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Linking Tribofilm Nanomechanics to the Origin of Low Friction and Wear
Final rept. 15 Jun 2010-14 Jun 2013
DELAWARE UNIV NEWARK DEPT OF MECHANICAL ENGINEERING
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Solid lubricants are required in applications where traditional lubricants are precluded by challenging environmental conditions e.g. space. However, the mechanisms that enable low friction and low wear sliding of these systems remain poorly understood. Recent studies have demonstrated low friction sliding is consistently accompanied by nanoscale tribo-films whose properties and contributions to friction reduction are unknown. The goal of this study was to elucidate the role of nanoscale tribofilms in friction and wear reduction by correlating macroscale tribological properties with the results of in-situ measurements of transfer film morphology, chemistry, and nanomechanical properties. The materials included molybdenum disulfide MoS2 and polytetrafluoroethylene PTFE, two very different but well studied and heavily used solid lubricants known for exceptional tribological characteristics. The tools used for the study included in-situ optical microscopy morphology, interferometry topography, and lateral force microscopy tribology. A significant portion of the work was the development of a lateral force microscopy LFM calibration technique to enable quantitative and in-situ LFM measurements.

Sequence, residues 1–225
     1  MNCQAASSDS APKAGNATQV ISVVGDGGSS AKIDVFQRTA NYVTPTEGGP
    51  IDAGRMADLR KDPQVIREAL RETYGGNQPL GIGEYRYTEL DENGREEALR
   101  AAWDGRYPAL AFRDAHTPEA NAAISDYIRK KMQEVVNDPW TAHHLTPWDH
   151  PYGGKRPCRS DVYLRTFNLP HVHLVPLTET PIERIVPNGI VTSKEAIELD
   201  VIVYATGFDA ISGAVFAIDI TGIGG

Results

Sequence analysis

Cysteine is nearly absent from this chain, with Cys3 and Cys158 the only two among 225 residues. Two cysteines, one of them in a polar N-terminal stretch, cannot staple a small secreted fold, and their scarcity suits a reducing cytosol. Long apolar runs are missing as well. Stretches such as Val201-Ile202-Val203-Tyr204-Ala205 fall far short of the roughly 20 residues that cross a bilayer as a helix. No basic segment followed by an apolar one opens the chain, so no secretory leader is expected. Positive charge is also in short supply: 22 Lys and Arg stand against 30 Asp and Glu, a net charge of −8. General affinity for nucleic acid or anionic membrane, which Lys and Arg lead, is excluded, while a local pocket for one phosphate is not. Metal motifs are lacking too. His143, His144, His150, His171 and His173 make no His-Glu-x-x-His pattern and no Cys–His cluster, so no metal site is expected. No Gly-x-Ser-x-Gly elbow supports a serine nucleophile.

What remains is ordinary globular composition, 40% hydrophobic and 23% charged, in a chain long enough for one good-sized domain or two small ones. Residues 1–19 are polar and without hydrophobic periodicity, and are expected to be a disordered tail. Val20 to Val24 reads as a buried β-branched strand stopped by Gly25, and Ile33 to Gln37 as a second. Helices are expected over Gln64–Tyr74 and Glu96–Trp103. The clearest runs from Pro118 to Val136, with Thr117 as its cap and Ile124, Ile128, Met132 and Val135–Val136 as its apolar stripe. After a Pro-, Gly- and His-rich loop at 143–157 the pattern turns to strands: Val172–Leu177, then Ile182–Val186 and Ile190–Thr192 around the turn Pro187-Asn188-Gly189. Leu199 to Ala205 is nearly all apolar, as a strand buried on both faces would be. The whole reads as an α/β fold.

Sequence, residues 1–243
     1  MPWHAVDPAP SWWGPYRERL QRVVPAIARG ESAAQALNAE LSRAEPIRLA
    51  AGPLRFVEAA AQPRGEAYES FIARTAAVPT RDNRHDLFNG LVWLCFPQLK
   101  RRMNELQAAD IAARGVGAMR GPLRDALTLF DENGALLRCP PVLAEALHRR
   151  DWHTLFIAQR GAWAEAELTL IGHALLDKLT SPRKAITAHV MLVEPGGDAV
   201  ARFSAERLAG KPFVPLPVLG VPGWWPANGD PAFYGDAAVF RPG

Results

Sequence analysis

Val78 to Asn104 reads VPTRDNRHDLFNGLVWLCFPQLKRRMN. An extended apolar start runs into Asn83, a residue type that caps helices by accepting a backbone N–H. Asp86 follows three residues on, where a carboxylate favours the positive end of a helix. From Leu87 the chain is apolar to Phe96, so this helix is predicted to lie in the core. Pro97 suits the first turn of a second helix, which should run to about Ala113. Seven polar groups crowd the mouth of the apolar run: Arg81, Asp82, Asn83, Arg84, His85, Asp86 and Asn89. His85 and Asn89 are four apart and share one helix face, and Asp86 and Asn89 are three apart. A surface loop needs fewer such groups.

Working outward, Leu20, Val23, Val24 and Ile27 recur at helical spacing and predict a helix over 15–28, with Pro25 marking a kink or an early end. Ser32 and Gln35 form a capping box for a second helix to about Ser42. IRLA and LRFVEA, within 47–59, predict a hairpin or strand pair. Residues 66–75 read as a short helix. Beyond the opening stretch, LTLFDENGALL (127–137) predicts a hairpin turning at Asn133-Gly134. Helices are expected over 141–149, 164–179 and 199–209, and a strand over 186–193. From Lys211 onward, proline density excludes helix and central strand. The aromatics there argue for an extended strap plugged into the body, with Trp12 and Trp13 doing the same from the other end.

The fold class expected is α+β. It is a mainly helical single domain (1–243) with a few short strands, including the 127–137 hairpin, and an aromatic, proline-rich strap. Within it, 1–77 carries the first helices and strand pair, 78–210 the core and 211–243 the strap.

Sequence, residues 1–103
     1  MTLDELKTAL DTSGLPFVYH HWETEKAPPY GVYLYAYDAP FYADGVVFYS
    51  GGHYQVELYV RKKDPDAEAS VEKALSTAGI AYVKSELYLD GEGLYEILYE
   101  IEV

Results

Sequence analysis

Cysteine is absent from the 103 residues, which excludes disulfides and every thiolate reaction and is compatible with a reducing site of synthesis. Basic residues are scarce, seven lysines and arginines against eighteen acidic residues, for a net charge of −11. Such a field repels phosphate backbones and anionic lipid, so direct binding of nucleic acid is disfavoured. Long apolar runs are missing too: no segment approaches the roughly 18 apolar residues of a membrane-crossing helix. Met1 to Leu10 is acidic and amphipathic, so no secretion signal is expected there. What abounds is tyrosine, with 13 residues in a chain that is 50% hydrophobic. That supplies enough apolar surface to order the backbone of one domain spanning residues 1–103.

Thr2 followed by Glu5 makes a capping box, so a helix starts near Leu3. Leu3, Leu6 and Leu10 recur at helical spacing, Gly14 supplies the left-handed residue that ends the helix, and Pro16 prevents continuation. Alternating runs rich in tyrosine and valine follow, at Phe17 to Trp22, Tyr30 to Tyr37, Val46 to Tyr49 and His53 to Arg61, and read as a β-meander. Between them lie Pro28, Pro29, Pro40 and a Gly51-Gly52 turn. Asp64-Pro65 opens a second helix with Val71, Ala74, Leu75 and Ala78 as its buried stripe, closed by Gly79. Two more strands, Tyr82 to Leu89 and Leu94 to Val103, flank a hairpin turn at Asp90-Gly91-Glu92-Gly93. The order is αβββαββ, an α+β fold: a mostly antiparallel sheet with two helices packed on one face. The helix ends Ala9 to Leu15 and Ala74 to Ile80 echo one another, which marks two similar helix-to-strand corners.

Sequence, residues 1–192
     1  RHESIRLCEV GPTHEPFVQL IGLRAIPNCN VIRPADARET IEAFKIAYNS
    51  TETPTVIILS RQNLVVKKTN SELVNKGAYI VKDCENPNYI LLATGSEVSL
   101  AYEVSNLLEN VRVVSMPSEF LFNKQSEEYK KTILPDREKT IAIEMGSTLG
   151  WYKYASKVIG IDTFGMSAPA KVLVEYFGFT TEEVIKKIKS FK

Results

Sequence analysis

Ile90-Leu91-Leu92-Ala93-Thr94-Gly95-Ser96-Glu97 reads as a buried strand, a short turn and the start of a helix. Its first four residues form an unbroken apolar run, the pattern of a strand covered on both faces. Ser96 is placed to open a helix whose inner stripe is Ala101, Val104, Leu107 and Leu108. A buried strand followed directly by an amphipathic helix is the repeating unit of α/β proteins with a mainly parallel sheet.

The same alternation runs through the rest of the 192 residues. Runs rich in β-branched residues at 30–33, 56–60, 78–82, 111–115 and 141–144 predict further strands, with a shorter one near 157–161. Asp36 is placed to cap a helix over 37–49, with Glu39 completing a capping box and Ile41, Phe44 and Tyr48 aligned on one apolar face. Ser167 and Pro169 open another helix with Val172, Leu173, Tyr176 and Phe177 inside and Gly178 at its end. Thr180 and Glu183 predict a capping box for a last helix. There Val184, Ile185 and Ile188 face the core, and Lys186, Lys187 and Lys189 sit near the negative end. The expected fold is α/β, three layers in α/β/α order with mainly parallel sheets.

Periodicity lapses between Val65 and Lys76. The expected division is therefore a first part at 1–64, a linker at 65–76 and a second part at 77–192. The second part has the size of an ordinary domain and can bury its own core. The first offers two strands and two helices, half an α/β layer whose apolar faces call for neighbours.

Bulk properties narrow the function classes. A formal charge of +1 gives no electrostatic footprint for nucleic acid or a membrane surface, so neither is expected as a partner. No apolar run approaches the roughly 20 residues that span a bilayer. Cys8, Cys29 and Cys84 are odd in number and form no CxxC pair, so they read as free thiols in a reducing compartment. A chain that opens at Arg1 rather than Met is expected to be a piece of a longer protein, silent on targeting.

APPROVED FOR PUBLIC RELEASE